On the far left is what I consider to be the most dangerous spot: a client who isn’t engaged whatsoever. The benefit is that you will have freedom to do whatever you want, the obvious downside is you’re inevitably going to fail because you won’t know what your client actually wants, and it’ll eventually unravel that you haven’t delivered. Whilst it’s easy to become complacent in this situation, it should be avoided at all costs: raise the red flag early and often, and if you can’t engage your client, get a new client, or leave!

I also believe this same scale applies to child development. As the father of two young boys I spend a fair amount of my leisure time in playgrounds, where I observe other parenting styles and interactions. On the far right of this scale fit the parents who hold their kids (or make them wear helmets) as they try to climb the jungle gym. On the far left are the parents who read the paper or play with their latest iPhone 5, oblivious to the amazing physical and mental development they are missing meters away. In the sweet spot are those amazing parents whose children are confident to independently learn, whilst knowing their parents are always there if they need help or something goes wrong.

Summary

If you can aim for somewhere in the middle of my scale, where your client is engaged enough to know broadly what they want, but not engaged too much for them to tell you what to do and how to do it, that’s the sweet spot: that’s where you should be.

What are your thoughts? Do you like one particular end or like living in the grey spots like me?

I used to believe in the tooth fairy

I gave this presentation about changing your mind as a lightning talk in Austin in March.

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If you can do one thing this year, I’d encourage you to change your mind on something and share it.

Einstein: the Minesweeper Robot (in Brisbane)

I gave a talk tonight to the Brisbane Special Interest Group in Software Testing (SIGIST). There was a great turnout (tickets went in 24 hours after the announcement apparently), and there was some good interest in Einstein (plus 3 people who had never played Minesweeper, what the?).

Alister will discuss browser automation, using an example of writing a Minesweeper robot. Einstein, his robot, proficiently plays Minesweeper in a web browser and was developed using specification by example techniques using Watir, RSpec and Cucumber in the Ruby programming language.

Bio

Alister is an Agile tester who currently works for ThoughtWorks Australia and author of watirmelon.com. He’s been actively involved in the Watir open source project for a number of years and his passions include ruby programming and collecting arid plants.

In getting the slides ready, I actually came up with a reasonable list of things that building Einstein taught me about software testing (and software development in general):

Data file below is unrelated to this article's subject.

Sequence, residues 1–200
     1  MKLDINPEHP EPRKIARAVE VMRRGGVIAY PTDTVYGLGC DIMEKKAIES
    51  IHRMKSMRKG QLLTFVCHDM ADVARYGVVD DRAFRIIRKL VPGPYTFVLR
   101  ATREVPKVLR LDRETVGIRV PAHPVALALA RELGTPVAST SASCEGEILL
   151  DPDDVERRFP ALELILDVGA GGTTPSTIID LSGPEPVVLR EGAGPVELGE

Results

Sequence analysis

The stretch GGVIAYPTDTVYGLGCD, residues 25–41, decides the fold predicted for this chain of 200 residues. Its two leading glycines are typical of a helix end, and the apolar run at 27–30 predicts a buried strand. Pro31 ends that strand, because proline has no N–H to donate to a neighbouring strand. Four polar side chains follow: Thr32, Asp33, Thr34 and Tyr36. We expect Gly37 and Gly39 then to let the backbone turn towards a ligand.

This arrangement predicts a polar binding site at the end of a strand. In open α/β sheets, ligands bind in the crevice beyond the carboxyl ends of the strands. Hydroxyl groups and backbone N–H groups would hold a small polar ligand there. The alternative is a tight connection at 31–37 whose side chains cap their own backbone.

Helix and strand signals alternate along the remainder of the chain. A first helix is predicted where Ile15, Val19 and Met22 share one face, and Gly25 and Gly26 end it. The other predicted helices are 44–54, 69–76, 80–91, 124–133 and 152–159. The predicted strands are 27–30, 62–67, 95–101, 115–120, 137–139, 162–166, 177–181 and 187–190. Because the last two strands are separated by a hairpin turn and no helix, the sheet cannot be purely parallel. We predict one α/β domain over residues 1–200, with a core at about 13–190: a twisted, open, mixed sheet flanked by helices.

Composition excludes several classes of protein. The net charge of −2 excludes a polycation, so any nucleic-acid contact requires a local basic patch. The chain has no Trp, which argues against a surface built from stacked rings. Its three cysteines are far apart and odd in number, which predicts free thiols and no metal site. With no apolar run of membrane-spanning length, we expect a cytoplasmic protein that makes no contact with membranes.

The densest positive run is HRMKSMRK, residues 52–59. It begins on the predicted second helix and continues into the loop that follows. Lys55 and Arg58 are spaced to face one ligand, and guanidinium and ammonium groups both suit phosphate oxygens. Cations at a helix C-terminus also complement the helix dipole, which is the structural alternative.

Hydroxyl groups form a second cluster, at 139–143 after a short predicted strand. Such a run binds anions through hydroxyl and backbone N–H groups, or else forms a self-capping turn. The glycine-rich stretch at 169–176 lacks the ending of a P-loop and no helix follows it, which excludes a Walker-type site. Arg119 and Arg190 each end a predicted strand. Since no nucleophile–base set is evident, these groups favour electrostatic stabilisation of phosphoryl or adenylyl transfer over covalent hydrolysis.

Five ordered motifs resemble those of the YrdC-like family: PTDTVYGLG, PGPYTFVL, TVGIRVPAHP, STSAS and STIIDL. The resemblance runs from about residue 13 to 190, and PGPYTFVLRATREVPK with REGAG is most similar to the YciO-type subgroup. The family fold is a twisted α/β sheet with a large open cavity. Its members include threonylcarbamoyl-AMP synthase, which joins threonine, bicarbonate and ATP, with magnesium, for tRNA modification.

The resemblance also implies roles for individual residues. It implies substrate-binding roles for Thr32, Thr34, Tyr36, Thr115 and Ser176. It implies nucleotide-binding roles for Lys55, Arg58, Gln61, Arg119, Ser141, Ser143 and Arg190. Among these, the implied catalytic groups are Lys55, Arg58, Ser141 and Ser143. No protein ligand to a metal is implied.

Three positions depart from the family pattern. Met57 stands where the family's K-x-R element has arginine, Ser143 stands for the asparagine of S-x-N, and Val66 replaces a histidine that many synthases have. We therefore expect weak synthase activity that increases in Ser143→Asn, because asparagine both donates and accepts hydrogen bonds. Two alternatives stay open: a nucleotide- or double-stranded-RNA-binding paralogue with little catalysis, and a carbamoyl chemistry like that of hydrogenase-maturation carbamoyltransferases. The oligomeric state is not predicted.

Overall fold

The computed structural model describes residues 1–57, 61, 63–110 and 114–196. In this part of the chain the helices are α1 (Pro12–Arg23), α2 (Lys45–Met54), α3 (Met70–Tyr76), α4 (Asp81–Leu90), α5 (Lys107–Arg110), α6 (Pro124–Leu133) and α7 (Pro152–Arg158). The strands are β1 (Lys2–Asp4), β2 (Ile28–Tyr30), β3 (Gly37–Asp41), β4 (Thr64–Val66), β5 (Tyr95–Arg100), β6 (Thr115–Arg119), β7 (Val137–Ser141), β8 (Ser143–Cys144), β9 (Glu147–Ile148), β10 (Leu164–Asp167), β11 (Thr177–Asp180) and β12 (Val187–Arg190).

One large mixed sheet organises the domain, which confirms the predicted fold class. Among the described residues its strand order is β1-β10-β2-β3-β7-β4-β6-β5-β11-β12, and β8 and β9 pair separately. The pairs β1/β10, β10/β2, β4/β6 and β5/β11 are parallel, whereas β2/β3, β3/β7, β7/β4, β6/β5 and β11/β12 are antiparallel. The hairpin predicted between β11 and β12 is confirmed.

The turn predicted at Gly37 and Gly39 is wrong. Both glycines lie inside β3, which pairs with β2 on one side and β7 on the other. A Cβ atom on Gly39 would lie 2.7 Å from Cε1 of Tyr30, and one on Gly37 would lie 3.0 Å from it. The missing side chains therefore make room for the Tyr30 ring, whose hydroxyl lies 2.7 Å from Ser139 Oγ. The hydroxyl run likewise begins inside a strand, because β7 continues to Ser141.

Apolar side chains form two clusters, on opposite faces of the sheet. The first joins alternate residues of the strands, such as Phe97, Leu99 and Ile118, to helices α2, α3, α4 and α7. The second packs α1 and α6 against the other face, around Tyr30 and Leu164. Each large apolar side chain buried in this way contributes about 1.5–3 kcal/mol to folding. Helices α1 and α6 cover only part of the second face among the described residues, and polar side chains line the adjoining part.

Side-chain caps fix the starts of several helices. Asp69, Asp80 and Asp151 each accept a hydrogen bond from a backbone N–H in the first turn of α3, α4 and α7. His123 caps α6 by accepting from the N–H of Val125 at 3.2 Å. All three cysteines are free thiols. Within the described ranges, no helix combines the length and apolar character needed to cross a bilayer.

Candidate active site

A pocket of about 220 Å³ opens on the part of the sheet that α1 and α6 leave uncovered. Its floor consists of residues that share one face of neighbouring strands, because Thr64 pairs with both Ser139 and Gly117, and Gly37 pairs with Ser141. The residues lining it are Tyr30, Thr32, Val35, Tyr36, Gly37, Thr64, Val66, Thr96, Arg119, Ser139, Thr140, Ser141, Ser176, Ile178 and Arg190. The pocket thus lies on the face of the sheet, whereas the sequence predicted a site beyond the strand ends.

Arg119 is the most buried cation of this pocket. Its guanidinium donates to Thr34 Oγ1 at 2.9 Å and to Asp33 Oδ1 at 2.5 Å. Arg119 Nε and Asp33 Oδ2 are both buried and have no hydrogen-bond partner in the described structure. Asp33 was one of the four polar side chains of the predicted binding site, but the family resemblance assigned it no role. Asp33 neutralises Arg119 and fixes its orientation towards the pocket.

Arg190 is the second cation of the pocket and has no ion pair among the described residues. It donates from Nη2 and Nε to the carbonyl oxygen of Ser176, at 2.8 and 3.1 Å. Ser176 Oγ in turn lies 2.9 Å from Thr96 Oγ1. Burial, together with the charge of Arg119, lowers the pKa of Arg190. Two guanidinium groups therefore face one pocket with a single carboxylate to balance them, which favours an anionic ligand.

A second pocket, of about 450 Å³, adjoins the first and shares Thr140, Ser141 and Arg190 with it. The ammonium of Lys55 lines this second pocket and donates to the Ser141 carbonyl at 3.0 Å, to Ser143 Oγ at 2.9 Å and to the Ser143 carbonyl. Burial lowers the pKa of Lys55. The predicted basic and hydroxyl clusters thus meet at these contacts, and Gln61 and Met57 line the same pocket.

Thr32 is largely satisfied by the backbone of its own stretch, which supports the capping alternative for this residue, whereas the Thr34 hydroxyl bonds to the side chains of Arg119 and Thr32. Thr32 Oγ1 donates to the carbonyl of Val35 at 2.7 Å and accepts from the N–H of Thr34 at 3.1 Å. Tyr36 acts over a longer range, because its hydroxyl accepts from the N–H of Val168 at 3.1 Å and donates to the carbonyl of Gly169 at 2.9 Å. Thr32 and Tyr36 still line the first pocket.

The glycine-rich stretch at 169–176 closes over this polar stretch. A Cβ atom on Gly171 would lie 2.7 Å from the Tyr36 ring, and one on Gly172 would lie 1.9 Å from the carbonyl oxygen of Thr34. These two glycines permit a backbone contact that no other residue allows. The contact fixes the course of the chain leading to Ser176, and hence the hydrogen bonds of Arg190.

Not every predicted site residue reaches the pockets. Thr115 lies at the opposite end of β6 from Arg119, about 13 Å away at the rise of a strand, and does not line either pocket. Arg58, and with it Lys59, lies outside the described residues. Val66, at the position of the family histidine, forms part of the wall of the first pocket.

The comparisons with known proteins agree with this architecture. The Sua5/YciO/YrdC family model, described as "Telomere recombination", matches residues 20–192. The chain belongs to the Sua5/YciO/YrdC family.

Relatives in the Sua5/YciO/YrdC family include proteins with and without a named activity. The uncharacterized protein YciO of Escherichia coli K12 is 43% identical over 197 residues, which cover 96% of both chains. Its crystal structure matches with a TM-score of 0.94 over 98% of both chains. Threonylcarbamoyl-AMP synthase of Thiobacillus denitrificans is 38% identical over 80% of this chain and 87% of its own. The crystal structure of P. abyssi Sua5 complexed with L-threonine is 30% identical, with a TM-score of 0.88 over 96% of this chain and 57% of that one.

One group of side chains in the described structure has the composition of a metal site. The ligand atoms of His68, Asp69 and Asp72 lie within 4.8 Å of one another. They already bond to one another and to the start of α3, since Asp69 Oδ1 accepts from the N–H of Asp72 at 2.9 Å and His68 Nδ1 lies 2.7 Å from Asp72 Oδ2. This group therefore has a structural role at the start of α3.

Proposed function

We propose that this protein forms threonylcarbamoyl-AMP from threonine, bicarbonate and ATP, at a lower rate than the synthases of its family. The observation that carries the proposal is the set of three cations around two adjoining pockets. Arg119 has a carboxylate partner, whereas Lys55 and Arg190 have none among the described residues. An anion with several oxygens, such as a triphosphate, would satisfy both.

• Break big things down into little things
  • Design for testability
  • Test in the right places
  • Supplement your automated testing
  • Build in performance measures
  • Change your mind
  • Be young, be foolish, be happy

The last two points weren’t really related but I threw them in there for good measure.

Here’s the slides (and a link to the originals):

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And here’s that video of Einstein in action:

Good times.

Github is little known

“Little-known social coding start-up GitHub Inc. has raised $100 million in its first round of funding, in a sign of how big investment bets are continuing in Silicon Valley.”

Last week, The Wall Street Journal wrote about Github’s first round of funding calling the company ‘little known’. The software development community was outraged: how dare you call Github ‘little known’!

But Github is little known. Sure, they’ve just reached 1 million users, but compare that to Gmail with over 450 million and Facebook set to reach 1 billion within a month and it’s tiny. Anecdotally, no-one I know that doesn’t work in software development has ever heard of Github, and half of the people I know who do (including a lot of testers) have either never heard of or never used Github.

This is an classic example of the strange tech bubble we live in. Recently I was shocked to meet a couple of software engineers who had never heard of Selenium. I was like, oh my god, how could you have not heard of Selenium. Then I realised I myself was living in my own tiny little tech bubble, where I just assumed that something commonplace to me was commonplace to everyone. But it’s not.

That’s one of the reasons I think we design shit software. Because we think our users will know/do stuff that we know/do, even though they don’t and won’t. Hence the common occurrence of PEBKAC, ID10T and user-errors.

 

 

 

Is it time to rethink the corporate Internet proxy?

Working as a consultant means I am exposed to lots of different organizations: some good and some bad. But the thing that strikes me as strange is how prevalent, even in the good places, highly restricted corporate Internet proxies are.

I’ve worked in an organization where, no lie, access to Stack Overflow was blocked! Others seem to block anything from the usual suspects of Facebook and Twitter, to unusual categorizations of blocking ‘anything social’ which happens to include this blog, which by the way, is probably more work related than other things you’ll visit on the Internet. Other places I have worked have blocked any HTTPS site (including Internet Banking). One place let you access Wikipedia but coupled with a prominent warning that all Wikipedia viewing would be closely monitored.

But these crazy corporate proxies are forgetting something. In this day and age where smartphones and mobile broadband are ubiquitous, if someone can’t access Twitter on their work supplied desktop, they’ll just use their iPhone! If they can’t download a file, they’ll use their MacBook and transfer it via a USB key. It’s commonplace to see staff with their own laptop on their desk so they can do whatever they want with it (and run whatever they want – bye bye Windows XP).